Zimbabwe last played a Test against India in 2005, losing by 10 wickets
Zimbabwe expect to return to Test cricket in "two to three years" after resolving differences that led to some leading players quitting the country.
The national team has not played a Test since 2005 after becoming uncompetitive because of a policy of selecting mainly inexperienced black players.
But former captain Alastair Campbell told BBC World Service Sport: "Bygones need to be bygones.
"I think we'll be good enough in two or three years to get back and compete."
Campbell, who played 60 Tests and 188 one-day internationals, is now chairman of selectors of Zimbabwe Cricket and also works with the team as a batting coach.
He added: "Selection is now on merit and that's a huge step in the right direction.
"ZC makes no apology for the fact that there was a policy of affirmative action before. There are 13 million black people in Zimbabwe and you're not going to will that away - they had to become more integrated."
Campbell acknowledged that there were question marks over the "manner" in which the policy was implemented.
"I don't think it was thought out. When you get cricketing decisions made by non-cricketers, that is what happens.
"There were a lot of people who muddied the waters as well and I think it just became an exercise that had the right intentions but just got out of control."
Zimbabwe were granted Test status in 1992 and only took 11 matches to register their first win, beating Pakistan in Harare.
They produced a number of world-class players, including batsman Andy Flower, now national team director for England, and seam bowler Heath Streak, with both players having spells as captain.
But as international opposition grew to the policies of president Robert Mugabe, teams became reluctant to tour Zimbabwe.
Flower and team-mate Henry Olonga took part in a black armband protest against the "death of democracy" in their country during a World Cup match in 2003, which led to both emigrating to England.
And the situation worsened the following year when Streak was replaced as captain by young black wicketkeeper Tatenda Taibu and he, along with 15 other players, had their contracts rescinded by Zimbabwe Cricket.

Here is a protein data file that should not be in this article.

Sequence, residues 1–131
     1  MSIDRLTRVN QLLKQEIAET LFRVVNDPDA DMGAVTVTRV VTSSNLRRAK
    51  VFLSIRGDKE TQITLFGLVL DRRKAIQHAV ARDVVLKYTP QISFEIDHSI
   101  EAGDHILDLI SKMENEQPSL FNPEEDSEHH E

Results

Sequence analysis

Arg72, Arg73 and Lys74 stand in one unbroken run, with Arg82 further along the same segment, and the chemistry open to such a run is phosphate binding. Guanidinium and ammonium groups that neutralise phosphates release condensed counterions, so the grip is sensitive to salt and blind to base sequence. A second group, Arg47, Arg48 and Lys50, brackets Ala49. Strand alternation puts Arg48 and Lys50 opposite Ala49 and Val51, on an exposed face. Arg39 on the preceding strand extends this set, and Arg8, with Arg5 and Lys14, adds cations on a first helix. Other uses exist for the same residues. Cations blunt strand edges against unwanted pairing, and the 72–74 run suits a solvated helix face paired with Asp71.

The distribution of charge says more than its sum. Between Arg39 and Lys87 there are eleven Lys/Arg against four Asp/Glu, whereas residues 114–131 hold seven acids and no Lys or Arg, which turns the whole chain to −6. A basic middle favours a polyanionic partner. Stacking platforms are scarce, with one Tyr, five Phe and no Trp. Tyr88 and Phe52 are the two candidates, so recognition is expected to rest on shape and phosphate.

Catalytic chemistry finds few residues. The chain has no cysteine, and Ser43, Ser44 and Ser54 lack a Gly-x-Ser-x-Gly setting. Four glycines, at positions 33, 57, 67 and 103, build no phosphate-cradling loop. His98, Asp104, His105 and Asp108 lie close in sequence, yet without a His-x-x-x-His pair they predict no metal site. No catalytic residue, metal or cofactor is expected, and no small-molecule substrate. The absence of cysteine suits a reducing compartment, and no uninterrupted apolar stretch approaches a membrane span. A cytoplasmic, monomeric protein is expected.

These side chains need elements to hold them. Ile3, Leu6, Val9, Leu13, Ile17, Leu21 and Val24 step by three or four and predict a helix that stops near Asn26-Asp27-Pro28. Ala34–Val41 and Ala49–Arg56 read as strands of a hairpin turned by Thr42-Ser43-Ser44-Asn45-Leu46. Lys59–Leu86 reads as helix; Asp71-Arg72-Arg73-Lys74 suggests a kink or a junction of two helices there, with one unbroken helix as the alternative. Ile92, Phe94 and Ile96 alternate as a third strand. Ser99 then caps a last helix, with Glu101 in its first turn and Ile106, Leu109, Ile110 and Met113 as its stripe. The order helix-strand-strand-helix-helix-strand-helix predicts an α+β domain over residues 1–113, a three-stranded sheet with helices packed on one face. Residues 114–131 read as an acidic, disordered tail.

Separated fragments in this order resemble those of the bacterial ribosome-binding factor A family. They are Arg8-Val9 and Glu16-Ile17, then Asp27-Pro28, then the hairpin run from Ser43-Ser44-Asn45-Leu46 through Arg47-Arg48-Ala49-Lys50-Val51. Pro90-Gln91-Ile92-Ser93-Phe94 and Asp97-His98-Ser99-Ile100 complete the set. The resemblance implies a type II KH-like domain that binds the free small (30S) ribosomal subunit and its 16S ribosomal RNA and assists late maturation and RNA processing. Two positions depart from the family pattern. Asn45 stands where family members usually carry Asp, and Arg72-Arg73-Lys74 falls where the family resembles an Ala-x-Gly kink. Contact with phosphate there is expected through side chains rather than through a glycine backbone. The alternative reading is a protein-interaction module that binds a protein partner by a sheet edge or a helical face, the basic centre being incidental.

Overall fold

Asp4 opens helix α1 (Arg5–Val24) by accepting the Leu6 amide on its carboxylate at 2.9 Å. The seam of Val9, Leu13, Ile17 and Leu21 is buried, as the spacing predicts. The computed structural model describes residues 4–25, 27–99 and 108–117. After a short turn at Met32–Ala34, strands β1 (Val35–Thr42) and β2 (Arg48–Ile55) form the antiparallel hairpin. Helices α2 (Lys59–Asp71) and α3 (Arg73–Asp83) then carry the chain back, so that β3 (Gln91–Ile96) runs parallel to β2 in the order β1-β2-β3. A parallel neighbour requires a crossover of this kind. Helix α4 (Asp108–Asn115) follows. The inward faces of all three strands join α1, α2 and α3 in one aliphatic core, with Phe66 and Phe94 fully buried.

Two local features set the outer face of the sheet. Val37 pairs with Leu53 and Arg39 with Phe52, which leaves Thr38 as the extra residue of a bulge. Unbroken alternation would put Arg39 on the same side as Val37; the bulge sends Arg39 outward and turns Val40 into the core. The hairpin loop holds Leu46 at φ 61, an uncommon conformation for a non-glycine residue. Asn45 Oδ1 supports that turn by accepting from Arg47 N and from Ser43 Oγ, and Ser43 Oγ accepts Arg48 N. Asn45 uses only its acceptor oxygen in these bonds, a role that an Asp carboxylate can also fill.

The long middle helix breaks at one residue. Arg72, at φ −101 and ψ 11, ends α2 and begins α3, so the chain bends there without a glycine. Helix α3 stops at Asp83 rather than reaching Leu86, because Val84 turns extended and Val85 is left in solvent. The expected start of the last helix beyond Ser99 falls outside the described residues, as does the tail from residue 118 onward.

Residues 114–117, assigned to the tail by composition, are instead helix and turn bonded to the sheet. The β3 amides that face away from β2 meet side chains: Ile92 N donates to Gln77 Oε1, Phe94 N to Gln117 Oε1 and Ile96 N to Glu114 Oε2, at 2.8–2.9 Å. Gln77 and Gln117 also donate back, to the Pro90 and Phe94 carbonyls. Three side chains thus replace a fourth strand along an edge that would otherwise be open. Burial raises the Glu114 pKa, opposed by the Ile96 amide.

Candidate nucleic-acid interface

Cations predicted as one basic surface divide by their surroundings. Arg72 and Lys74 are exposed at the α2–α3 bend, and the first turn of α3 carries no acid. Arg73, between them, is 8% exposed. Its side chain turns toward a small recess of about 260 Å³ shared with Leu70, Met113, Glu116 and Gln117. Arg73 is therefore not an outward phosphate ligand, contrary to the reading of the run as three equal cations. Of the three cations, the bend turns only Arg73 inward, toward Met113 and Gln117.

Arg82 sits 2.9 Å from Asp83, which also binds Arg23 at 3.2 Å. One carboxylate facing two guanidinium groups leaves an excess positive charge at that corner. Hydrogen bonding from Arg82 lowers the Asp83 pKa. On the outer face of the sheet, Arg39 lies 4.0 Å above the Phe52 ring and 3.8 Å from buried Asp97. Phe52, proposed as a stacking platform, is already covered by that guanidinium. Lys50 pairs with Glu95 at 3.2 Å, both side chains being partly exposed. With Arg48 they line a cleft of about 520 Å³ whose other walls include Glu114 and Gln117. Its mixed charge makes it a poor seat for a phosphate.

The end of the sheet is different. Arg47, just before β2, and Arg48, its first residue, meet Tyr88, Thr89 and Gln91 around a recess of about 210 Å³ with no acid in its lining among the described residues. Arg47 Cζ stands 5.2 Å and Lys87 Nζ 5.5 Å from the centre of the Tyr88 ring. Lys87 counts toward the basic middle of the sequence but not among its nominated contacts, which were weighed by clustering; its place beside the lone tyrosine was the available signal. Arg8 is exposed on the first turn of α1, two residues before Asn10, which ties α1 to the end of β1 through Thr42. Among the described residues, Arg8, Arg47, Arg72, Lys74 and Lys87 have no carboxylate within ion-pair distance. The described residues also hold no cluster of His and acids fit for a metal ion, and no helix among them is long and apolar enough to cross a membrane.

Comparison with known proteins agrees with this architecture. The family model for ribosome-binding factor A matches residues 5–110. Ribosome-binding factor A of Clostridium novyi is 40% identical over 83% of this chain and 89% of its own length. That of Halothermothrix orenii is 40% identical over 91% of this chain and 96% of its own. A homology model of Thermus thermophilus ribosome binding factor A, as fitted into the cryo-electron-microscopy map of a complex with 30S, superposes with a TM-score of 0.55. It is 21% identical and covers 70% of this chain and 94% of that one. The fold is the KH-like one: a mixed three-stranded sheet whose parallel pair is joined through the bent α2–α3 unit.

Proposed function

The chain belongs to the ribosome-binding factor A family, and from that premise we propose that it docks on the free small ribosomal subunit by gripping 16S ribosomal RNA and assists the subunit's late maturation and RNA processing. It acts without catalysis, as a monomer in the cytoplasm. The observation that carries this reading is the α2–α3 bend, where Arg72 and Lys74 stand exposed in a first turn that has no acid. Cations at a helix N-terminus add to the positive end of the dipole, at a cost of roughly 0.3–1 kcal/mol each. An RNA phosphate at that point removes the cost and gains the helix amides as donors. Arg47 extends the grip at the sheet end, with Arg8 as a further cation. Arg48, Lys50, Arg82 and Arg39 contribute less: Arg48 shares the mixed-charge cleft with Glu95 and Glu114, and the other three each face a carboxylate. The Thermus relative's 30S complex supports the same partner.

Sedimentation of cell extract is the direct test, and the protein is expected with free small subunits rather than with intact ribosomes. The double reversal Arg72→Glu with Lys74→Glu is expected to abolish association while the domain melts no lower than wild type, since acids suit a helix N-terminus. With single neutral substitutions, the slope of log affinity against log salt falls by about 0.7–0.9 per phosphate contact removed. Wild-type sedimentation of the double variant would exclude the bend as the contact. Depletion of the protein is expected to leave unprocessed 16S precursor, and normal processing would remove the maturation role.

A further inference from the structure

In January 2006, Zimbabwe withdrew from Test cricket after a series of poor performances but has retained one-day international status since that date.
Players like spin bowler Ray Price have returned to the fold and Streak is reportedly close to being appointed head coach of the national team.
Prosper Utseya is the current captain of the Zimbabwe team
"We want to get as much expertise here as possible so that when we go for a meeting in two or three years with the International Cricket Council to say that we want Test match cricket back, we have proof that we can sustain that," stated Campbell.
Ozias Bvute, managing director of Zimbabwe Cricket, told the BBC that he believed one day everyone would understand what they had tried to do.
"To allow cricket to grow, we had to ensure that everybody was represented and that we picked our team from the entire population, rather than just a facet of it," he said.
"At one stage we were only able to raise a team from 200 to 300 individuals. That situation has changed now."
Bvute added: "Ultimately, you can't take away the fact that there are over half a million youngsters who now play cricket in Zimbabwe, that there are over 200 professional cricketers in Zimbabwe, that wherever you go in and around Zimbabwe, people now know about cricket."
Zimbabwe begin a five-match one-day series against Kenya on Monday.